Chief Justice of New South Wales
Off With The Wig: Issues That Arise For Advocates When Switching From The Courtroom To The Negotiating Table Australian Disputes Centre 30 March 2017
Good evening everyone, it is a pleasure to be invited to address you this evening on a topic that will hopefully be relevant to the practice of many of you here today. In our current dispute resolution climate, barristers are increasingly being asked to remove their wigs – and no, hold your horsehair, I am not referring to any court dress controversies that may be going on in other States, I certainly do not wish to enter that fray – apart from relieving oneself from the interminable itch of the barrister’s wig, there are other reasons for shedding the traditional garb, namely, when entering the more informal arenas of dispute resolution. Of course, this talk of formal dress is really just a symbolic reference to the more substantive changes that need to be made when transitioning from the courtroom to the negotiating table and it is those important readjustments that I wish to discuss tonight.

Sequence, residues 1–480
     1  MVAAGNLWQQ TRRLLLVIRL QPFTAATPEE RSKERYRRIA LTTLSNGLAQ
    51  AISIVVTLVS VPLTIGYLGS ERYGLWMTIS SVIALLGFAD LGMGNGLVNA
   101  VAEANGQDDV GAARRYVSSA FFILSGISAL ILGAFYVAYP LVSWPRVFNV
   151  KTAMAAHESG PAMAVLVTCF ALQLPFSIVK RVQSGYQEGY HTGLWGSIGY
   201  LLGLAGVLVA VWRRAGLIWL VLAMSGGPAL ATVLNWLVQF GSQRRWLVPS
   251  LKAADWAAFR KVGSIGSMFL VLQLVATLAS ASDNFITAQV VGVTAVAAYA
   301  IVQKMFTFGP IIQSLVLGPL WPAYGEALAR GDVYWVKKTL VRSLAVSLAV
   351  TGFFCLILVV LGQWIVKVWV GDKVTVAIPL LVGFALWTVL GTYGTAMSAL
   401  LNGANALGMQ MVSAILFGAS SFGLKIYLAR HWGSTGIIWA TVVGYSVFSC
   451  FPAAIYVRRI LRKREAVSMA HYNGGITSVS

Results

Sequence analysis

Twenty five years ago, when alternative dispute resolution was really just coming on to the scene, Sir Laurence Street was anxious to amend the already entrenched acronym “ADR” so that it read “additional dispute resolution” rather than “alternative dispute resolution”: “It is not in truth ‘Alternative’” he urged, “It is not in competition with the established judicial system. It is an Additional range of mechanisms within the overall aggregated mechanisms for the resolution of disputes”. Perhaps it is fair to say now that ADR has evolved to the stage not merely of being additional or supplementary but complementary and integrative.
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